DECEMBER 22, 2010
Florida Tax-Watch, Southern Poverty Law Center applaud Scott's transition team
recs on juvenile justice

Florida TaxWatch CEO Dominic Calabro says implementing some of the recommendations made by Rick Scott's
transition team on juvenile justice will save taxpayers tens of millions of dollars. Specifically, Calabro's organization
and the Southern Poverty Law Center want Florida legislators to agree to the suggestion not to incarcerate juveniles
guilty of misdemeanors, saying it could save $30 million annually. But what about lawmakers who want to make sure
voters see them as "tough on crime?" The SPL's Vanessa Carroll says this: "The research shows that when you put
those children into residential facilities they're going to be more likely to reoffend. So that's actually not helping
public safety." As it is now, 70 percent of the juveniles behind bars are there for nonviolent crimes, and 44 percent
are there for misdemeanors and probation violation.

Calabro, whose organization was represented on Scott's law and order transition team group, said that given the
state's budget crisis, he expects lawmakers this session will be more open to ideas for saving money in the criminal
justice system.

As to the transition team's proposal to merge the departments of Juvenile Justice and Children and Families, one of
many organizational mergers contemplated by Scott, Calabro gives that a thumbs up, even though he acknowledges
the logistics of such consolidations can be problematic. “Historically, the juice has not been worth the squeeze. You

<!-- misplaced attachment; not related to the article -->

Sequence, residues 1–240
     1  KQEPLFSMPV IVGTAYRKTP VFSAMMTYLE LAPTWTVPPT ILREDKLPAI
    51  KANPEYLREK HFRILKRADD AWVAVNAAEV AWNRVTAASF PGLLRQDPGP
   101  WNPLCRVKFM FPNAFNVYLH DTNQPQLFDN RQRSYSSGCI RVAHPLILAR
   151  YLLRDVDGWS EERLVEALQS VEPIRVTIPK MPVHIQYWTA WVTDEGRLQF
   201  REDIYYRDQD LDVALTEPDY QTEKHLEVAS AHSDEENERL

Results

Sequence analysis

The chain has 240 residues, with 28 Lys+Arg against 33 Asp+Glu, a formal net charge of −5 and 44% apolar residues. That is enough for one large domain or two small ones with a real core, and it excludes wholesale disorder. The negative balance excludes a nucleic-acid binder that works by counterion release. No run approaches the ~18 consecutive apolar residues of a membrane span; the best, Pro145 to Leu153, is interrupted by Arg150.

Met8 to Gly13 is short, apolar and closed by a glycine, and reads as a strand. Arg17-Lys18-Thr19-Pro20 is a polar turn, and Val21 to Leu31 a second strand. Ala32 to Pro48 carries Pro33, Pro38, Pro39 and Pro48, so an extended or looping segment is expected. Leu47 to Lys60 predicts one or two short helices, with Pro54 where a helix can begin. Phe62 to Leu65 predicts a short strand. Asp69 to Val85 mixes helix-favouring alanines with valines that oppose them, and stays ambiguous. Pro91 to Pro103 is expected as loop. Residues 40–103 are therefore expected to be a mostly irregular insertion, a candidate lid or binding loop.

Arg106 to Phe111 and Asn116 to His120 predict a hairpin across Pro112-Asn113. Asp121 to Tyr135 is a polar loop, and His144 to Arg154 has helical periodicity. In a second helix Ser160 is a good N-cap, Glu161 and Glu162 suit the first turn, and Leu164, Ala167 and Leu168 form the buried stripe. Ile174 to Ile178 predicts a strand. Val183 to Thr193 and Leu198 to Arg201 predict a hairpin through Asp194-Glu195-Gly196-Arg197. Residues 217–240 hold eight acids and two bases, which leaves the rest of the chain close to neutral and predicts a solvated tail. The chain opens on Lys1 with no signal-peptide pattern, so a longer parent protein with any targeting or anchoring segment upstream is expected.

usually end up with more costs. But in this case, because of the nature of this governor, because of his orientation,
becuase of his commitment, I think you will see substantial cost reductions. I actually applaud him for thinking like
that," he said.

Scott transition team recommends combining Department of Juvenile Justice
and DCF

A report released today by Gov.-elect Rick Scott's law and order transition team recommends combining the
Department of Juvenile Justice with the Department of Children and Families. That wouldn't happen, though, for at
least two years. First, the committee recomends, juvenile justice needs to be re-organized to mimic the
organizational structure of DCF, with a "more community-based juvenile justice approach" that has the "capacity to
address the serious offender population." Otherwise, the committee concluded, "DJJ would overwhelm and
potentially affect the progress of DCF in a negative way."

The committee also recommends saving money by expanding the civil citation program for first- and some second-
time misdemeanor offenders. And those who guilty of misdemeanor crimes should not be put in residential programs,
the committee suggests. Instead, they should remain at home with electronic monitoring.

Other recommendations: Reduce or eliminate state juvenile residential facilities; expand Juvenile Assessment
Centers; reorganize the department so detention, probation, prevention and residential services report to a
single assistant secretary for operations.